One afternoon near the end of summer, while George Pavel stood alone by a snack booth dribbling malted vinegar into his paper cone of fries, he looked down and saw something nearly inhuman—a creature in a stroller—staring back at him. It had eyes like soft-boiled eggs, a mouth like a shmoo. It gurgled.
“Whoop,” said Pavel, as if he’d tripped or knocked something over. For a moment he felt heads turn—as if he had done something wrong or embarrassing. But all he had done was look; and gripping the damp cone, he kept looking: the horrible wonder of the deformed child numbed and electrified his mind, like a plunge into freezing water. He couldn’t help the momentary thought that some sea-monster, some prodigy from the abysmal regions, had slithered up the shore and been placed a pram. How naked, how exposed—prostrate and oblivious, paraded shamelessly into this throng of Labor Day fun-seekers, the child snored sea air through tiny oblong noseholes.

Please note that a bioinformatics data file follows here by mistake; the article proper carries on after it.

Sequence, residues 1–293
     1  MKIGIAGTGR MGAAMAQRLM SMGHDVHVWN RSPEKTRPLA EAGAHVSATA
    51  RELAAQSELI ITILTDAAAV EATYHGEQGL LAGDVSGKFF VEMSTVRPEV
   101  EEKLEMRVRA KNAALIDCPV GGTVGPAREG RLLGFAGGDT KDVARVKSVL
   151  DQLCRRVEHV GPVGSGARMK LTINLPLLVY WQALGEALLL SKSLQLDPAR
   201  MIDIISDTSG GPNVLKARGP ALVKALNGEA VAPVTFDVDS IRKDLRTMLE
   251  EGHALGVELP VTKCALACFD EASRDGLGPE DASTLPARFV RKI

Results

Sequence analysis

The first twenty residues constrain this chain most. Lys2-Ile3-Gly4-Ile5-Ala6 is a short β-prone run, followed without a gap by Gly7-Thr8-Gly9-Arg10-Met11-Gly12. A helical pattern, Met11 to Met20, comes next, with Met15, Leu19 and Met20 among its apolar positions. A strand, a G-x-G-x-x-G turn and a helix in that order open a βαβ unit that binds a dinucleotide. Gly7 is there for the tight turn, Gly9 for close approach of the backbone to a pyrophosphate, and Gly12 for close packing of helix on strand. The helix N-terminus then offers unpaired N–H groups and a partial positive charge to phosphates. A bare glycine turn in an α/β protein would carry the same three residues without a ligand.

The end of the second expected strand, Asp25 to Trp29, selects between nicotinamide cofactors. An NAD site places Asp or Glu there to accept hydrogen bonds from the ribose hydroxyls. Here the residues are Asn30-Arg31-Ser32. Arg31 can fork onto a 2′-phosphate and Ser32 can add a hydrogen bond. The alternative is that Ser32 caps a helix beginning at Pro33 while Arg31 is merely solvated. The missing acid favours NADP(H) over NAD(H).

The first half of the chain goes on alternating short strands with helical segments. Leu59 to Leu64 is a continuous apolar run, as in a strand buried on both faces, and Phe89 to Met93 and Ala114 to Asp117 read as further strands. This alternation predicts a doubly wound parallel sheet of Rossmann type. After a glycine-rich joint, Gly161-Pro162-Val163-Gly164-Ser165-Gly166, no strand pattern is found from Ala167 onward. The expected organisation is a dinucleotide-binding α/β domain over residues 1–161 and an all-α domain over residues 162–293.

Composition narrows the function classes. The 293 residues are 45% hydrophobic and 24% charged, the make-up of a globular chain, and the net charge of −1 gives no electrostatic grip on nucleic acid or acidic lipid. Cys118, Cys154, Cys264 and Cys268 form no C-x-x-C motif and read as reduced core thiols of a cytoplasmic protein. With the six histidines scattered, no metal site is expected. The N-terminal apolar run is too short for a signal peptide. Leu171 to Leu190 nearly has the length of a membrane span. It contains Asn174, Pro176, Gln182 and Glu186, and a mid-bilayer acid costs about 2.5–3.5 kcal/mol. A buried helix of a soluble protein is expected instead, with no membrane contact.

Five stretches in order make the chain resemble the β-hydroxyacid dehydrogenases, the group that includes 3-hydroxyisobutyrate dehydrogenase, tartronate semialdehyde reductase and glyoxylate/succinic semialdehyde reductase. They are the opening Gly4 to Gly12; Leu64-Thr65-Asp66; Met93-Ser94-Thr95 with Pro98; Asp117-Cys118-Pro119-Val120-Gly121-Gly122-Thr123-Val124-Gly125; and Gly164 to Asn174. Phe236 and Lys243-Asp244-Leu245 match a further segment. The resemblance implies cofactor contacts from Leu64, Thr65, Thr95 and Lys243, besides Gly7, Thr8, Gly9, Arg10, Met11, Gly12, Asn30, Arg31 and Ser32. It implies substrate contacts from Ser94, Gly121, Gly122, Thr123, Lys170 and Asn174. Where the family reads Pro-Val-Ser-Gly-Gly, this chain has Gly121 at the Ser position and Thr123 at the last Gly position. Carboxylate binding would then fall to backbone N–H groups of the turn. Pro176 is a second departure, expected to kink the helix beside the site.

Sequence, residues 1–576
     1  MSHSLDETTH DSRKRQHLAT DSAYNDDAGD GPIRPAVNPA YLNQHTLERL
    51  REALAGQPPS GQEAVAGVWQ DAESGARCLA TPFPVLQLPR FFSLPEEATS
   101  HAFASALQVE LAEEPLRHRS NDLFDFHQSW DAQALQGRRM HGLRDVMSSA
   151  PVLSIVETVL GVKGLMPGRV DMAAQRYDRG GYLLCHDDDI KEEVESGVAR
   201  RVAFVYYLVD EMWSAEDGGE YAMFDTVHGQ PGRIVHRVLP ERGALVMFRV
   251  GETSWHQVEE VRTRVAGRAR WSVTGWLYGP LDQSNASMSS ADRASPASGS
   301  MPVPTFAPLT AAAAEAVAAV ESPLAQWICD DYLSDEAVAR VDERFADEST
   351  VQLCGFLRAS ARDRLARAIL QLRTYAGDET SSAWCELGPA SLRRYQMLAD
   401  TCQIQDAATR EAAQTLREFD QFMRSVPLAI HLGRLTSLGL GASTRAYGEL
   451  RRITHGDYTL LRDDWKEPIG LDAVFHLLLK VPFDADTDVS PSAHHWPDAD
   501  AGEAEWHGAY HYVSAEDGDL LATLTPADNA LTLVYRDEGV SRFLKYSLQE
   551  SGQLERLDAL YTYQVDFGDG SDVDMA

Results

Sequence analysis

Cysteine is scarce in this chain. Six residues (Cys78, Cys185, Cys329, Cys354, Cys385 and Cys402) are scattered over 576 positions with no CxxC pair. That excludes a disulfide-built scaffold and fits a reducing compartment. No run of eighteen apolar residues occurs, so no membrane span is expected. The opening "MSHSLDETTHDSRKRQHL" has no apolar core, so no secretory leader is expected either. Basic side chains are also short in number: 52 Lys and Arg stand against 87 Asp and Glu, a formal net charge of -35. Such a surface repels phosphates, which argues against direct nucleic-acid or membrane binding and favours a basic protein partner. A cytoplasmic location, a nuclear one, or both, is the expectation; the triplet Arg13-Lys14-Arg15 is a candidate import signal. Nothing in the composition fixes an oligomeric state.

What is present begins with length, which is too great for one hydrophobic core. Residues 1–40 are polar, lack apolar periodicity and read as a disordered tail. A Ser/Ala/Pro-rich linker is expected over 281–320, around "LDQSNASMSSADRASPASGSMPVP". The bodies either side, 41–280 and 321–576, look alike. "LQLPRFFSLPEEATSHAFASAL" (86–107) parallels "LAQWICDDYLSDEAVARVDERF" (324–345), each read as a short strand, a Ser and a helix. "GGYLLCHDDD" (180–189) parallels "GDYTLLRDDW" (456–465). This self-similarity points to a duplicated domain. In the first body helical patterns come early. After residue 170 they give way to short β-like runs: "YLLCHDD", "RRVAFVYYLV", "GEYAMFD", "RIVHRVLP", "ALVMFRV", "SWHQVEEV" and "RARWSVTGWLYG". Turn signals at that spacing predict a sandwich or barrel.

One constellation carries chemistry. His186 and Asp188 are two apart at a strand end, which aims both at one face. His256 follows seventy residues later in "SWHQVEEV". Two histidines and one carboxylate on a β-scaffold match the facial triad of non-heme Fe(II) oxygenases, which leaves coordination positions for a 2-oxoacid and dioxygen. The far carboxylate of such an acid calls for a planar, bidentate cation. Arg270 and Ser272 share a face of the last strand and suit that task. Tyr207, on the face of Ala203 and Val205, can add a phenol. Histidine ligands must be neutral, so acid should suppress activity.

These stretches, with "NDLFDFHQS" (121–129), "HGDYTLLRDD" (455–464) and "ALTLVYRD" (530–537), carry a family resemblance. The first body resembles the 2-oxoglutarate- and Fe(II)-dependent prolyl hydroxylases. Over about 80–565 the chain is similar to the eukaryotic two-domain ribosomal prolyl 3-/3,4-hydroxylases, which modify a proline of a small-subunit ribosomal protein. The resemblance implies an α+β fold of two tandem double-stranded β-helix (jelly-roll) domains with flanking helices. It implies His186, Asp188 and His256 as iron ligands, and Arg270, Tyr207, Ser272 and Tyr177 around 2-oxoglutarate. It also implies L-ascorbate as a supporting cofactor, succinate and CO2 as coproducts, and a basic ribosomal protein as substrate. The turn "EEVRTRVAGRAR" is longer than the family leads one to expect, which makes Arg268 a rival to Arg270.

As the stroller moved away through the crowd, Pavel stared at the back of the man—presumably the father—who pushed it. The man had browned and muscular arms and wore a tight black tank-top decorated with a Christian slogan: “CHOOSE THIS DAY.” He nipped at a pink cloud of cotton-candy as the crowd parted around him.